On the extreme end of FIRE, CoastFIRE followers intend to invest as much as they can in retirement accounts before 30. In that way, they plan to give their investments the benefit of time in the market. CoastFIRE can require extremely frugal living and a high income or working multiple jobs right out of school to invest the target amount each month.

The FIRE movement can sound complicated or intimidating. But at its core, it’s following the same basic guidelines as a traditional retirement plan—just on a faster timeline. It relies on keeping living expenses down and the potential earnings from investing as much as you can, as early as you can.

How the FIRE Movement Can Influence Your Retirement

If you’re not a high-earner or in your 20s or 30s, you may feel like your ship has sailed when it comes to joining the FIRE movement. However, that’s not entirely the case. If the FIRE movement seems enticing, you can borrow lessons from it to try to accelerate your retirement strategy.

Here are some ways that FIRE can inspire your retirement plan, no matter what your age or income is.

  • Trim Expenses
    The FIRE movement often requires extreme frugality. But if you're not ready to go that far, approach it the same way you would for typical retirement planning: Focus on where you can spend less now so you can save more for later. Consider looking at your monthly budget to see where you might eliminate unnecessary expenses, such as unnecessary eating out or unused subscription services.
  • Increase Contributions
    Hand in hand with spending less comes setting aside more. Americans typically have a savings rate of less than 10%.2 There's a big difference between that rate and the 50-70% FIRE advocates. However, just because you're not on an accelerated track to retire early doesn't mean you can't increase your contributions. While 50% may sound like a lot, consider what it would take to invest 20% a month instead of 10%.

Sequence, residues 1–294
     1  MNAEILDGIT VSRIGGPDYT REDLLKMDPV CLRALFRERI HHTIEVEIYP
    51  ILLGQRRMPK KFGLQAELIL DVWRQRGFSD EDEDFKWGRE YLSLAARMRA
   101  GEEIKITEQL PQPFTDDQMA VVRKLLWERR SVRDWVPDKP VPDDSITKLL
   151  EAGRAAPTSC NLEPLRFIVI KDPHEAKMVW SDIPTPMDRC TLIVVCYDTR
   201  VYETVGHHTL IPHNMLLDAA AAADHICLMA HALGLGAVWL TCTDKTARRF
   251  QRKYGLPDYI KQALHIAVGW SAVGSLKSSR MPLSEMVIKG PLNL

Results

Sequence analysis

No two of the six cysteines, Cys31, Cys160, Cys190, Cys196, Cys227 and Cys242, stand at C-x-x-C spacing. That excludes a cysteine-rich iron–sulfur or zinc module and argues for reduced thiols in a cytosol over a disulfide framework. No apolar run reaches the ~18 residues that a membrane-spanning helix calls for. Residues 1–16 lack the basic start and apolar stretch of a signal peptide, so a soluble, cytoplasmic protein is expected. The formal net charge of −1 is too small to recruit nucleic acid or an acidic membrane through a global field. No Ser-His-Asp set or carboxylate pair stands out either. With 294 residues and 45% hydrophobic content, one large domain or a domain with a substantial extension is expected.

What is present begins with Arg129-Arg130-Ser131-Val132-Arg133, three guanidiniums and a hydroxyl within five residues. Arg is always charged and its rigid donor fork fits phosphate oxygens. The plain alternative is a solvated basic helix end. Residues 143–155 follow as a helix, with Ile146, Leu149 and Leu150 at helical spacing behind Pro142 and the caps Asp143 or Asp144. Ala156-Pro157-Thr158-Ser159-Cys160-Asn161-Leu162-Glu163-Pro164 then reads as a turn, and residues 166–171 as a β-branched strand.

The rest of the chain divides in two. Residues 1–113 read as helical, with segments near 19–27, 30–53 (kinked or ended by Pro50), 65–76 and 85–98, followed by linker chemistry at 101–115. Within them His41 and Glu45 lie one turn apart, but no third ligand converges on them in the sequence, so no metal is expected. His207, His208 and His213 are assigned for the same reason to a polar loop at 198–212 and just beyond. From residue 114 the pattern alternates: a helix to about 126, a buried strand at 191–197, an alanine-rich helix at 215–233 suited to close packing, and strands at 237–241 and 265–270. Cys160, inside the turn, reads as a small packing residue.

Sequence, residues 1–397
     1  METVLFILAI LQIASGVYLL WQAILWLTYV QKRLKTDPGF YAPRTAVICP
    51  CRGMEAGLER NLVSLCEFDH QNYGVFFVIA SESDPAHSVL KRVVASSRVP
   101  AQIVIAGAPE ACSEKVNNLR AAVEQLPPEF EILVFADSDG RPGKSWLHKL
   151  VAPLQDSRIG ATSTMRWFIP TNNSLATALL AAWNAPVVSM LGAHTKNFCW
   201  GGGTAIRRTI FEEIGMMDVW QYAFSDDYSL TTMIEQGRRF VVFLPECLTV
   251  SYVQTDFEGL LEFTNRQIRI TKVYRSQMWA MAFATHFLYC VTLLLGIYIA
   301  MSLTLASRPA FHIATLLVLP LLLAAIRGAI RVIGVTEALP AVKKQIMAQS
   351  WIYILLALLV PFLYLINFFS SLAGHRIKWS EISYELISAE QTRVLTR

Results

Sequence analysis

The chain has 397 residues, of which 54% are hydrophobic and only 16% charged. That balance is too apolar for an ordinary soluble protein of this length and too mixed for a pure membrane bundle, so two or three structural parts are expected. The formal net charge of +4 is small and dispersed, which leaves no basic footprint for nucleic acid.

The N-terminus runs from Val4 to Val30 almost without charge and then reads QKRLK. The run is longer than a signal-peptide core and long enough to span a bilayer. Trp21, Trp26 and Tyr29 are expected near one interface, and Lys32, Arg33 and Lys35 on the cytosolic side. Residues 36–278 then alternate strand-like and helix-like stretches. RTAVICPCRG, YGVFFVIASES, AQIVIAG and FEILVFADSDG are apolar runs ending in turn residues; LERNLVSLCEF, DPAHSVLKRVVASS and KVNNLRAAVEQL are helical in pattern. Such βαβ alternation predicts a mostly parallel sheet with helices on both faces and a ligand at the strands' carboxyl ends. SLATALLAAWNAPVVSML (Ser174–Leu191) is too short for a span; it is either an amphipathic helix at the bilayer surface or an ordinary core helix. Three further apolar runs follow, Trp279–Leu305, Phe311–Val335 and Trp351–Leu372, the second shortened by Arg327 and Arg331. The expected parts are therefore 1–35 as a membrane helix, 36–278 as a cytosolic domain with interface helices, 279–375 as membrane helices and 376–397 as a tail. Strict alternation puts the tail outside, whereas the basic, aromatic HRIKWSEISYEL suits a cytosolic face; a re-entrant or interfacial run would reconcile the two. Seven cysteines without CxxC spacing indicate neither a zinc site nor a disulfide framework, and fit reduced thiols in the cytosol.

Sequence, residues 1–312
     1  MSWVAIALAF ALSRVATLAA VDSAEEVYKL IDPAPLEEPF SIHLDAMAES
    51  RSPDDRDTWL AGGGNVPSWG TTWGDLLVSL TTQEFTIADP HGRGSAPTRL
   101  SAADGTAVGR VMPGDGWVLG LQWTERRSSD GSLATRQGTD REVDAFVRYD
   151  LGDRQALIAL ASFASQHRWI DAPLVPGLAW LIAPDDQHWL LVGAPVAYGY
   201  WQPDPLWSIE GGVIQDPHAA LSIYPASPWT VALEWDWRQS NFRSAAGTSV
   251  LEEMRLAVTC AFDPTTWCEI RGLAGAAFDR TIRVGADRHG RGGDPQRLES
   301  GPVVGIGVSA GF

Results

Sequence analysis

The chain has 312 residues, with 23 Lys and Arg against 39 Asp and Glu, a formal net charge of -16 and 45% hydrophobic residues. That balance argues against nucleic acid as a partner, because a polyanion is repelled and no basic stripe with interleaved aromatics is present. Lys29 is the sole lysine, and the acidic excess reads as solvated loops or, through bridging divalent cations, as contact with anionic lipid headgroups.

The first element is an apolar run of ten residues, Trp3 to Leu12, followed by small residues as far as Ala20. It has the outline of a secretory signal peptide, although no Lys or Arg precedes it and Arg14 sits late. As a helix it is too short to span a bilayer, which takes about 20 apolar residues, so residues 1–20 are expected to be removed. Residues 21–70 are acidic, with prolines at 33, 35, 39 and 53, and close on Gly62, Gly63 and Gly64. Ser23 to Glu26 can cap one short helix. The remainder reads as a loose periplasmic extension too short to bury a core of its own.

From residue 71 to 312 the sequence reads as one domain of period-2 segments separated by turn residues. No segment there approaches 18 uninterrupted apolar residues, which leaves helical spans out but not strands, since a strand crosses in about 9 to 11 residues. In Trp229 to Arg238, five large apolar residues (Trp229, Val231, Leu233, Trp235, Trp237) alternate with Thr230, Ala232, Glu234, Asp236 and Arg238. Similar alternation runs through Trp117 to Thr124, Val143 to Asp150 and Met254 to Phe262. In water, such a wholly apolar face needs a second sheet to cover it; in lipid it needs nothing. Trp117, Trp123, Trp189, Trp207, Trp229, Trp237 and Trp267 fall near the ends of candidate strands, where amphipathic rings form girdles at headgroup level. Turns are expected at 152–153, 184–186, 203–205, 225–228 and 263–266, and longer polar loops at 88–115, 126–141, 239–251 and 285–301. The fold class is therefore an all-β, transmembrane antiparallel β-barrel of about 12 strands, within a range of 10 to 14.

• Make Your Money Work for You
    FIRE might not be the best fit for everyone, but it can challenge your traditional thoughts about retirement. Even if you love your job and don't intend to retire until your 60s, it's still helpful to think about how you're investing your money and how you can make saving more work in the long run. At every stage, the two biggest takeaways may be to understand where your money  is going and to always make investing a priority.

FIRE or Not, Make Sure You Have a Plan

Whether you intend to leave the workforce in the next 10, 20 or 30 years, making a plan to invest for retirement is important. FIRE or not, there’s never a better time than now to revisit your retirement strategy with American Century. 


Need to discuss your retirement goals?

1Here’s the Average Retirement Age in Your State (moneytalksnews.com) , 2019.

2Monthly personal savings rate in the U.S., statista.com, October 2021.

This material has been prepared for educational purposes only. It is not intended to provide, and should not be relied upon for, investment, accounting, legal or tax advice.

Investment return and principal value of security investments will fluctuate. The value at the time of redemption may be more or less than the original cost. Past performance is no guarantee of future results.